Originally Posted by Scott Wilkinson
In fact, the OLED had a somewhat different color cast then the LCDs on all content, leaning toward teal/green compared with the other two.
That's what happens when you have a WRGB display and your white subpixel isn't D65.
It always surprised me that so many people - even reviewers/professional calibrators - weren't bothered by this.
LG's OLEDs have this ugly teal/green cast when displaying certain images that I don't like at all.
OLEDs are exciting stuff and they have a lot of potential, but I think it's a mistake to discount LCD yet.
They're still superior to OLED in several ways - just not black level, viewing angle, or response times.
Originally Posted by sytech
This guy that went to the demo is claiming minor off axis blooming and banding on a solid grey screen. He is not the only one either. One of the more professional reviews makes mention of off axis blooming. Again, very very minor blooming that may not be an issue to most.
You're not going to have a local dimming LCD without that problem.
When you view an LCD off-axis, the contrast ratio drops.
When you view LED zones off-axis, their brightness is relatively static.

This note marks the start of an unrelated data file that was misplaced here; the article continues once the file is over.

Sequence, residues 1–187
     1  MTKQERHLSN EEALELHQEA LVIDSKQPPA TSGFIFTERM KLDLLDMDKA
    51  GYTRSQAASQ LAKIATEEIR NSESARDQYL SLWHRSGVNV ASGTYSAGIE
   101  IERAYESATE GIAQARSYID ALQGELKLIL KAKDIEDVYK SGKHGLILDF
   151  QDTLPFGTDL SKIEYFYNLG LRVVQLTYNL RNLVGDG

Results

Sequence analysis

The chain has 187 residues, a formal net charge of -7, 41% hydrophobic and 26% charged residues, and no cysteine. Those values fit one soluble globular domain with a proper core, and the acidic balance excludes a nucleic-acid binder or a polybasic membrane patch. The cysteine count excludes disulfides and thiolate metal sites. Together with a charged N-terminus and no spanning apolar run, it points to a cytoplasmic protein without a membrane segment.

So when you view an LCD using LED zones off-axis, the zone structure becomes much more apparent the further you get off-axis.
Originally Posted by Scott Wilkinson
It's been said many times on AVS, but it bears repeating: You can't tell anything useful from a photo of the image on a TV, especially an HDR image, so there's no point drawing any conclusions whatsoever from them. For example, there are many different reasons why an image on a TV might look like it's blooming in a photo that have nothing to do with the TV itself, and viewing the same image on that TV in person, you might not see much blooming at all. I didn't specifically look for off-axis blooming in the Z9D at yesterday's press conference, but I did not notice much if any blooming in the images I saw.
I wouldn't say that you can't tell anything
useful from photographs. A camera can be a useful tool in comparing/evaluating displays if you know what you're doing.
However you're correct that no-one should be judging the quality of a display based on images like these.
Originally Posted by Oledtech
Knowing Sony, FALD will 99.9% not work in gamemode. When it works, input lag will be sky-high.
And it looks to be another VA panel, so not revolutionary for LCD.
Is that something which has changed in recent models? My old HX900 still uses FALD in game mode, however it is not the "full" FALD.
In game mode it no longer switches zones off entirely, and zones lag a frame or so behind the LCD panel rather than delaying the LCD image to keep them in sync.
Originally Posted by RLBURNSIDE
Thing I don't get with all these innovations to FALD, is why on earth did no one patent simply using two LCDs, one in front of the other, before now?
Apple only patented
that idea TWO WEEKS ago. (to HDR-ify their iphones and possibly upcoming VR helmets). I thought of it too after people on AVS mentioned dual DLPs placed in serial to reach the square of the contrast ratio of each DMD (so, 4M:1 instead of 2000:1).